This site can help you to communicate better. This means having the willingness to think a second time about how you communicate. This requires:

  • taking a careful look at the words and phrases that you use;
  • becoming conscious about the origins of words;
  • appreciating that so-called experts can be wrong; and,
  • developing an unquenchable desire to challenge at least some of what you learned in school, hear on TV or radio, read in print or on the Web, or see and read at work.

WARNING: This site may cause you to develop a compulsion to correct others’ word choices, spelling, and grammar. This could lead to development of a temporary pain-in-the-butt reputation. If this reputation develops, please continue to revisit this site. Symptoms will abate as you learn that even the smartest people around you struggle to say what they mean.

Better communication is hard work. If you’re seeking only fast solutions, you should look elsewhere. This site will make you question your understanding of the English language. This site will challenge you to look at what other languages can teach you about English. And, this site could even turn you into an amateur linguist.

DISCLAIMER: This site focuses on American English. No apologies. No refunds. But, my punctuation leans toward the British approach. Again, no apologies.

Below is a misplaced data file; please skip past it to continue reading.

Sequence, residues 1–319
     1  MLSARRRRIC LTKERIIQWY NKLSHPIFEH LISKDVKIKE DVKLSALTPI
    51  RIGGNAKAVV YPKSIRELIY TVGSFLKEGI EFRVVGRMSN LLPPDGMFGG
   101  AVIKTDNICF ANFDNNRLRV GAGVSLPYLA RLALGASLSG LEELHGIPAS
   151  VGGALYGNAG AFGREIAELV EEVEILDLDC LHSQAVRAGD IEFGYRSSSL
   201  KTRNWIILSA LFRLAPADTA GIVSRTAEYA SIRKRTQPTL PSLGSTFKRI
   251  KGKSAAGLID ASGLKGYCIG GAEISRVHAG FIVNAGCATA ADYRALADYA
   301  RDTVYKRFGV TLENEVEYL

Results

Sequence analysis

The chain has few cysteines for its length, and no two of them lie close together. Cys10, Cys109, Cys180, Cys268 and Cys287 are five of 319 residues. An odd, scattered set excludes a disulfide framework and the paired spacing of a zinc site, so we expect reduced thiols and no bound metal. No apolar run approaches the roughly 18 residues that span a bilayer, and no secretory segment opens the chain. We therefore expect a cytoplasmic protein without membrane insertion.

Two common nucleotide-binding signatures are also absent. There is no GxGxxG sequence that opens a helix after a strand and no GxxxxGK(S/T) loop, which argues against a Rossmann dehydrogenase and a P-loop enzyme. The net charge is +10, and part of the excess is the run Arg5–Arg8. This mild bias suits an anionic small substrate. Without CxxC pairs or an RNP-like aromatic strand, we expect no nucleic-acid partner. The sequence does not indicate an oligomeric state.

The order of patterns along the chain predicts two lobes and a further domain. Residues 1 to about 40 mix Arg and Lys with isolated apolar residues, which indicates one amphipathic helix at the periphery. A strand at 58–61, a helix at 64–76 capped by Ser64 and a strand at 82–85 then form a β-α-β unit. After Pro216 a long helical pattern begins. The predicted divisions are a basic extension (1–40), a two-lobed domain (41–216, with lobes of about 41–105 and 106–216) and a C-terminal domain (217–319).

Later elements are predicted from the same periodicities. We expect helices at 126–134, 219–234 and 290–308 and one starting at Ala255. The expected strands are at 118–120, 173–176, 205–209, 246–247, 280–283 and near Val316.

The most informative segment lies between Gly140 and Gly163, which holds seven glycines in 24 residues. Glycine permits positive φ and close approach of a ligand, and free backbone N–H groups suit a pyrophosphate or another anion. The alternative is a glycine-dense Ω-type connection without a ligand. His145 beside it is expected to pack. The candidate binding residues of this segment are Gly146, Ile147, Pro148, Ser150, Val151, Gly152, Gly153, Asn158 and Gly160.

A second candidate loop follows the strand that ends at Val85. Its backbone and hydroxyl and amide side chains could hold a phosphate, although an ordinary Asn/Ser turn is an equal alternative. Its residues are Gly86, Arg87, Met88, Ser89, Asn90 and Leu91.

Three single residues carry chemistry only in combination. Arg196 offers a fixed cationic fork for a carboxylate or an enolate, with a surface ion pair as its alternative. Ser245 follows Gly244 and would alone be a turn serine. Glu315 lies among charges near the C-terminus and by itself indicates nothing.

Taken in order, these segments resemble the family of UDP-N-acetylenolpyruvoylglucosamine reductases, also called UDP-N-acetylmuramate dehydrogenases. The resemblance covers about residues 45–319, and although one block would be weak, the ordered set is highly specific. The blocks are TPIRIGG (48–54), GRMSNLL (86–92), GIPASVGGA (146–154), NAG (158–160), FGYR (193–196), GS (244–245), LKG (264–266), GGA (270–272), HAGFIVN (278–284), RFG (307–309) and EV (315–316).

I want to shake up your confidence in your communication skills. I want then to help you to restore that confidence as you better understand how to communicate well. You may get a “two steps forward, one step backward” feeling as you continue to revisit this site. This is the nature of the process — and what a beautiful process it is.

SIDE EFFECTS: This site could create a dependent effect. This effect is normal. Don’t fight it. Rinse and repeat. Other side effects may include better presentations, intolerance of TV news, and solicitations to edit other’s work. Reader discretion is advised.

Here are some of the topics that you’ll see covered:

  • Common English Blunders: See what they are and how to avoid them.
  • Foreign Languages: Learn what they teach us about English.
  • English Slang: Think a second time about popular phrases.
  • Outsider’s Perspective: Develop a non-native speaker’s curiosity about English.
  • Word Play: Enrich your vocabulary by playing with words.
  • Names Mean Things: Marvel at the power of surnames.
  • Devolution toward Simpler: Follow the development of a linguistic hypothesis.

For suggestions about communication-related work by others, go here.

Kirk Mahoney